The following pronouns are often used in English: some, any, no, every. Therefore, it is important to know the rules of their use and how they can change.For this, let’s consider the table.
|Indefinite pronouns||Their derivatives||Adverbs|
Some is used in affirmative sentences:
- with plural countable nouns
- There are some letters for you, Mr. Smith
- with singular countable nouns
- I am looking for some gala dress
- with uncountable nouns
- Give me some juice, please
Some is used in special questions, as well as in questions that express a request or offer
- Would you like some coffee?
Any is used in affirmative sentences
- You can take any book you like
In negative and interrogative sentences:
- Are there any apples in the fridge?
In conditional subjunctive sentences:
- If you have any time, let me know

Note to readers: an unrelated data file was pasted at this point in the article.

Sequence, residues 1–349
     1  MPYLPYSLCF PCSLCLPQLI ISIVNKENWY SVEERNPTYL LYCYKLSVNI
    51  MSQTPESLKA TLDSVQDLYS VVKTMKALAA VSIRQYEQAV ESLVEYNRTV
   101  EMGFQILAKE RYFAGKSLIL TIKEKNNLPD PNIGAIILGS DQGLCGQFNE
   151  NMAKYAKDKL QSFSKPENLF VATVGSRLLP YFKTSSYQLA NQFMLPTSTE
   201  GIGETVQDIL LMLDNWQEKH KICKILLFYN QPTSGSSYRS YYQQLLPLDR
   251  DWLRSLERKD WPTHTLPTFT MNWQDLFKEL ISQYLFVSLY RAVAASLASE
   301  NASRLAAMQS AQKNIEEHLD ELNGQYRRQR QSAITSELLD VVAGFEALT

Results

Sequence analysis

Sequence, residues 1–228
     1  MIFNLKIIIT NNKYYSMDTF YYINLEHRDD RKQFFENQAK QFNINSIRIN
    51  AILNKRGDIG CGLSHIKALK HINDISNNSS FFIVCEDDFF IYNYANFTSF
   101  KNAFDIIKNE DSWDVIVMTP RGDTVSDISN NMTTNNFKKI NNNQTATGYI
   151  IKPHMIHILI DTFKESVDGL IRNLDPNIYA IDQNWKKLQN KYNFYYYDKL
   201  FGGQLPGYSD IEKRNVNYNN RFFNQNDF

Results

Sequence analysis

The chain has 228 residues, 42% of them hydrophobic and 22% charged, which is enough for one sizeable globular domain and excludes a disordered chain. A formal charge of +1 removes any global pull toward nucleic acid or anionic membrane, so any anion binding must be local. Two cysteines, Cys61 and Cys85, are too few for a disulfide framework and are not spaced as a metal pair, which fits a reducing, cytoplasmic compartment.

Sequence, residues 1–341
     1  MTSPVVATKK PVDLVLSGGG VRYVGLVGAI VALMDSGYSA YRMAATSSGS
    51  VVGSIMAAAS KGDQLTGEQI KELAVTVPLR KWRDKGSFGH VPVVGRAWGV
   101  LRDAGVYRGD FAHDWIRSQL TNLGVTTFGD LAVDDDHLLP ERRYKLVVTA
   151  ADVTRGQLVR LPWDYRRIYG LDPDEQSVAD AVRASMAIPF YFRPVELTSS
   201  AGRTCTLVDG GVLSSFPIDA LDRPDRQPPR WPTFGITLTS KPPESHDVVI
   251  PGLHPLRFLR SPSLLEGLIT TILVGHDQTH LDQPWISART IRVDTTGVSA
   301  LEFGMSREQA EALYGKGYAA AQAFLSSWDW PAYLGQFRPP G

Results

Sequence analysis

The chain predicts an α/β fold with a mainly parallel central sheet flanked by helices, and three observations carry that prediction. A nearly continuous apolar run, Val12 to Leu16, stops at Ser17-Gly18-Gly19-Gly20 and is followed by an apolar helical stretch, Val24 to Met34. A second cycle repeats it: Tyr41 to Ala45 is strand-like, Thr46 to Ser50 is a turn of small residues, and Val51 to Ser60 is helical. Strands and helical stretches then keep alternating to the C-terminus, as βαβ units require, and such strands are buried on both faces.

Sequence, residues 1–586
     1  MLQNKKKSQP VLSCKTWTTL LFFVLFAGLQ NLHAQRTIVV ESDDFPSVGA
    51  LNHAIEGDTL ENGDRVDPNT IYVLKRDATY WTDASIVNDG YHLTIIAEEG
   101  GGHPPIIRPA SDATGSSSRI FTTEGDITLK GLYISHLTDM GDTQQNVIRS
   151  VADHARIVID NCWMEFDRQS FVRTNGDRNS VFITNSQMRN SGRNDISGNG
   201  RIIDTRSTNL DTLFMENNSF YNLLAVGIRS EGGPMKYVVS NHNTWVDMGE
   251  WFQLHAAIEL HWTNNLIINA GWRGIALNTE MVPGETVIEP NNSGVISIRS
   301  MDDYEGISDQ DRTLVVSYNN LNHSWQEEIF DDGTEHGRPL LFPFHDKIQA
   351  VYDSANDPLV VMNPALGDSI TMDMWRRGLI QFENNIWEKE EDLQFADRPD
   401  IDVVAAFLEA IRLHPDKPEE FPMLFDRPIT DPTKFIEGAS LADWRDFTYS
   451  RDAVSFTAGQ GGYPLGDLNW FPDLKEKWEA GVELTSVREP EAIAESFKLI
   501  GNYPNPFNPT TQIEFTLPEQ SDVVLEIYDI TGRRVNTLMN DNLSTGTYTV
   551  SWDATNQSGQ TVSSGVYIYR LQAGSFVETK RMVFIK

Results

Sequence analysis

The pronouns some and any are often not translated when used with plural and uncountable nouns.
In negative sentences:
- I have no idea what you are talking about
In English, let’s assume only one negation in a sentence:
- I have nо debt of any kind
Every is used in the sense “Every one of”:
- Every one of you must be ready for tomorrow
Used to indicate time:
- I go to school every day
Derivatives “every” are used in all types of sentences. The rules described above are applicable to all derivatives of some, any, evety, no.